Jump to content

  • Log In with Google      Sign In   
  • Create Account

IADaveMark

Member Since 02 Jan 2002
Offline Last Active Yesterday, 09:12 PM

Posts I've Made

In Topic: AI for an active time based combat system

14 June 2016 - 03:40 PM

I've never heard of any commercial games using fuzzy logic before. But the utility system mentioned above is broadly equivalent to fuzzy logic in most ways, in that as it generates a continuous value for each behavior based on several distributions of input values. In fact, from a designer's point of view, it's potentially almost identical - it's just the underlying mathematics that are likely to differ.

 

The main difference is that in FL, you define your defuzzification thresholds on an individual input. Those areas map input to a selected output to some extent. It is difficult to map multiple inputs into a defuzzification zone, but it can be done. (I wrote an article about a way to do this with 2+ axes for AIGPG 4.) When you get into n-dimensional space, the model is a bitch and a half.

 

That's why I came up with the IAUS because it is so much easier to combine an arbitrary number of inputs into one scoring function.

 

The other main difference is that FL provides you an output for that input whereas the IAUS (and other utility systems) can simply provide a score. That way, it is easier to weigh dozens or hundreds of actions against each other by comparing scores rather than the authoritative model that FL uses ("this input is N, therefore our action is A").


In Topic: AI for an active time based combat system

14 June 2016 - 03:35 PM

A combination of Fuzzy logic and blackboards tends to be best when you need your AI to be autonomous, and react intelligently to a variety of a scenarios.

 

For example... it's pretty fuzzy about the best time to use a healing spell or item. You don't want to heal if you've been lightly damaged, it probably wouldn't be on your top priority if you're moderately damaged and the DPS you're taking isn't much. You'll concider it if you reach fifty percent... and then you will mostly likely use it if you're critical... but you might not if it looks like you can win on the next turn.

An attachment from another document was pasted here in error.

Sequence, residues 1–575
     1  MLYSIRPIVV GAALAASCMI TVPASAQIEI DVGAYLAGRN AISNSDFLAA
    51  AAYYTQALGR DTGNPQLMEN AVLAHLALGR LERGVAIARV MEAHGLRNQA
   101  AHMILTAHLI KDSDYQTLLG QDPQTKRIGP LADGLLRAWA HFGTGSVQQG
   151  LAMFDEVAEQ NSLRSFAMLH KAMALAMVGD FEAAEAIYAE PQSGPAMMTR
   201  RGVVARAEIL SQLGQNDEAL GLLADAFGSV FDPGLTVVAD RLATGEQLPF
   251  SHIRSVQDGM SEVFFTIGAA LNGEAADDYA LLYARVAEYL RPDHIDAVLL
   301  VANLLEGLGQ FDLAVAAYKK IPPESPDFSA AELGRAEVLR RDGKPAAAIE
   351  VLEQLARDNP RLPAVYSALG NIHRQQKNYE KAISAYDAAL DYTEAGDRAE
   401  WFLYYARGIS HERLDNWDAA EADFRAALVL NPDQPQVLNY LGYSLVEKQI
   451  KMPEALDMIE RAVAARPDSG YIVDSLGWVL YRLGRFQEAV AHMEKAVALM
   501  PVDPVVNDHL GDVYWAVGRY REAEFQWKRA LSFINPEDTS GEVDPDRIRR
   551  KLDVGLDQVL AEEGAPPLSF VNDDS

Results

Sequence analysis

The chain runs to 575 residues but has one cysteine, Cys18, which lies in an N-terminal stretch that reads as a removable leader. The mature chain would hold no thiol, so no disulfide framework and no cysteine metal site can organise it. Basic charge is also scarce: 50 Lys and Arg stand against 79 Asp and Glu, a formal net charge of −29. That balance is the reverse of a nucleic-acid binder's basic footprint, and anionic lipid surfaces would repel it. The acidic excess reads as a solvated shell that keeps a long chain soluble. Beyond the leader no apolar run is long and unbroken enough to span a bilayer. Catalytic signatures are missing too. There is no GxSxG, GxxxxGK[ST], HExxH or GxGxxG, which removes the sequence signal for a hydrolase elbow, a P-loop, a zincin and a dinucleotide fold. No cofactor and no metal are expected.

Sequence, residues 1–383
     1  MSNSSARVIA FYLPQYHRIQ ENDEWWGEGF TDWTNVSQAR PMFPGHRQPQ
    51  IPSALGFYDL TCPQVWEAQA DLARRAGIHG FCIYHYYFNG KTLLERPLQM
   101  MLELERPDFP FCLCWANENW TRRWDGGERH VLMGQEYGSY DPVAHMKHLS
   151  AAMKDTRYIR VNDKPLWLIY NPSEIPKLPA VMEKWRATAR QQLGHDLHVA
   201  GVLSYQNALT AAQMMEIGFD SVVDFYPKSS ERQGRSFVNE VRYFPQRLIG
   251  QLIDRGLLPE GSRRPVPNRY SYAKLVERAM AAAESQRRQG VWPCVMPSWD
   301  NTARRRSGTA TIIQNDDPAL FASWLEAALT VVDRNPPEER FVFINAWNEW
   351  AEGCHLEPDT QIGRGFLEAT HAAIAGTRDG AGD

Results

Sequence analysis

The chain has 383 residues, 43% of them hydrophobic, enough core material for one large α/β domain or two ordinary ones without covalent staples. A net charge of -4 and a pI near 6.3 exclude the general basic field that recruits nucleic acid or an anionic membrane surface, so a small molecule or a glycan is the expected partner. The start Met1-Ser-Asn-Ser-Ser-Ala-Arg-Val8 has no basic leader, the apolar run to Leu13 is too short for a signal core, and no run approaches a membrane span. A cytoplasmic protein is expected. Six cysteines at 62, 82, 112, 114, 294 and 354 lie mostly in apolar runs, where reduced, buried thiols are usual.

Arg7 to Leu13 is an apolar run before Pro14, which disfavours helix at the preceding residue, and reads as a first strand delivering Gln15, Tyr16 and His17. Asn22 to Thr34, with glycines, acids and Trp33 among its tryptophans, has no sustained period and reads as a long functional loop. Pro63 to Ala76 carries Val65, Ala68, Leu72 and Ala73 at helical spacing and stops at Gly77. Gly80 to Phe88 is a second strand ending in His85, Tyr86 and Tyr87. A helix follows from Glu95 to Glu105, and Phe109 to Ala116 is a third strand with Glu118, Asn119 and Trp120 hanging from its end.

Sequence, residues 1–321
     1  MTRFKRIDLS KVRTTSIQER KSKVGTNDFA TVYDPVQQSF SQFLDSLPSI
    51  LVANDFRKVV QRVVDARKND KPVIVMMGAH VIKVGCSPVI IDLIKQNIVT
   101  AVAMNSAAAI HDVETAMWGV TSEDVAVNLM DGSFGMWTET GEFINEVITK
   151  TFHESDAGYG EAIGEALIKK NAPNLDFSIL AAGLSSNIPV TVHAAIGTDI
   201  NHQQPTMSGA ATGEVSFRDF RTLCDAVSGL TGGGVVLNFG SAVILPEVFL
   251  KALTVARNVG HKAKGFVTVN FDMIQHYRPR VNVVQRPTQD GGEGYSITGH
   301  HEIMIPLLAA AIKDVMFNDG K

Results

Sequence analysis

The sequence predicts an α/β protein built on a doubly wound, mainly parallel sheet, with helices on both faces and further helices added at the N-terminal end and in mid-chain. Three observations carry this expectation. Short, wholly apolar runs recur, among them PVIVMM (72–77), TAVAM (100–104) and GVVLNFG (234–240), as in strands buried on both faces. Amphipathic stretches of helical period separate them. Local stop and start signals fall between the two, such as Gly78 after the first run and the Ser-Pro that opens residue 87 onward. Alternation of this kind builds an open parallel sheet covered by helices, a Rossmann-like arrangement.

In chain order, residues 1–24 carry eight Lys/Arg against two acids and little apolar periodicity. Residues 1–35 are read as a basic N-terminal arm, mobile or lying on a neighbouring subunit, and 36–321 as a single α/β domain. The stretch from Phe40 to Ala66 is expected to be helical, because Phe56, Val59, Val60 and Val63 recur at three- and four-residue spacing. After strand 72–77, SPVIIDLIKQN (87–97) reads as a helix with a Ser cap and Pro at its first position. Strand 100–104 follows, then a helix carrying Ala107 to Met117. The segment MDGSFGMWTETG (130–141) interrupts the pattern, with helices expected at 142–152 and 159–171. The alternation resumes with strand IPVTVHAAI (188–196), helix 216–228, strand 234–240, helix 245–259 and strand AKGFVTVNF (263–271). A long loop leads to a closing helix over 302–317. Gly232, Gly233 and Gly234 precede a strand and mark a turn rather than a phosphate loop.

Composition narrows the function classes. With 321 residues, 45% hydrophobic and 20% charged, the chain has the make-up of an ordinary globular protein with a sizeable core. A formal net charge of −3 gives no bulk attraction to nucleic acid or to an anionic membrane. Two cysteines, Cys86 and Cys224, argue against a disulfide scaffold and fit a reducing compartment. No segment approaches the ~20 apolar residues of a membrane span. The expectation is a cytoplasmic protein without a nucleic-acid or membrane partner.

Fuzzy Logic was used in FEAR and S.T.A.L.K.E.R. (though stalker's AI tends to be garbage). Starbound also uses fuzzy logic, but as far as I know, only for NPC interactions and your pet.

 

 

Yeaaah... no one that I've ever heard of uses fuzzy logic in the textbook definition. I can't tell from your example if you are referring to fuzzy logic or, as Kylotan said, utility systems.

 

Either way, Fuzzy logic was NOT used in FEAR or STALKER -- Goal-Oriented Action Planning (GOAP) was. Those are completely different types of systems. FWIW, even the creator of GOAP doesn't recommend using it anymore. I've never heard of Starbound... perhaps you were talking about Star Citizen? (Which doesn't use Fuzzy Logic or GOAP.)

 

So yeah, you swung and missed a few times on that post, sir.


In Topic: how would you do this w/ utility based AI + influence maps ?

14 June 2016 - 07:08 AM

Threat or proximity. I use them for 2 different things. But yes...


In Topic: how would you do this w/ utility based AI + influence maps ?

13 June 2016 - 03:45 PM

The Imap system is used most often for 2 different things:

  • What is the value of the location I'm at (or a target is at)?
  • Where is the highest/lowest place in the map?

In this case, the former suggests when you should flee (by being an input into the flee decision) and the latter suggest to where you should flee if you decide to.


In Topic: AI for an active time based combat system

13 June 2016 - 03:42 PM

In the lecture, you used the example of having 6 considerations with values (1, 0.9, 0.9, 0.9, 0.9, 0.9).

Original score without compensation = 0.59

Why's the value for score in the following formula 0.9? I originally thought it was the original unmodified score; my understanding is you multiply original scores to get 0.59, and plug that as value for score.

ModificationFactor = 1 - (1/ number of considerations)
MakeUp value = (1 - score) * ModificationFactor
FinalConsiderationScore = score + (MakeUpValue * score)

 

In the example on the graph slide, there are 6 considerations each at 0.9f.

 

ModificationFactor = 1 - ( 1 / 6 ) = 0.833

MakeUpValue = (1 - 0.9) * 0.833 = 0.083

FinalConsiderationScore = 0.9 + (0.083 * 0.9) = 0.975

 

0.975 *

0.975 *

0.975 *

0.975 *

0.975 *

0.975 = .859 = final decision score

 

Compare to 0.9 6 times = 0.59


PARTNERS